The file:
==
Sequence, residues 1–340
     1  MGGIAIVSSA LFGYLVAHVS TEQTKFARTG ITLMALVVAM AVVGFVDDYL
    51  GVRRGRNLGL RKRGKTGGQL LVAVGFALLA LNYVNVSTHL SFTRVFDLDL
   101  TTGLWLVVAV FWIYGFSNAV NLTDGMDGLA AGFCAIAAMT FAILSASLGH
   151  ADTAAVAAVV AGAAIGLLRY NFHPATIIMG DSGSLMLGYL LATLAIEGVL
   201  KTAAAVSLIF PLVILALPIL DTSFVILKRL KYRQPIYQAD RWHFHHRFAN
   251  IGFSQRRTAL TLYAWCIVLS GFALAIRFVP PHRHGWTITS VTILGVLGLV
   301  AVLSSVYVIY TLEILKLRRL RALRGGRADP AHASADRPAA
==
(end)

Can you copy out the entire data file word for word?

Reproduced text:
Sequence, residues 1–340
     1  MGGIAIVSSA LFGYLVAHVS TEQTKFARTG ITLMALVVAM AVVGFVDDYL
    51  GVRRGRNLGL RKRGKTGGQL LVAVGFALLA LNYVNVSTHL SFTRVFDLDL
   101  TTGLWLVVAV FWIYGFSNAV NLTDGMDGLA AGFCAIAAMT FAILSASLGH
   151  ADTAAVAAVV AGAAIGLLRY NFHPATIIMG DSGSLMLGYL LATLAIEGVL
   201  KTAAAVSLIF PLVILALPIL DTSFVILKRL KYRQPIYQAD RWHFHHRFAN
   251  IGFSQRRTAL TLYAWCIVLS GFALAIRFVP PHRHGWTITS VTILGVLGLV
   301  AVLSSVYVIY TLEILKLRRL RALRGGRADP AHASADRPAA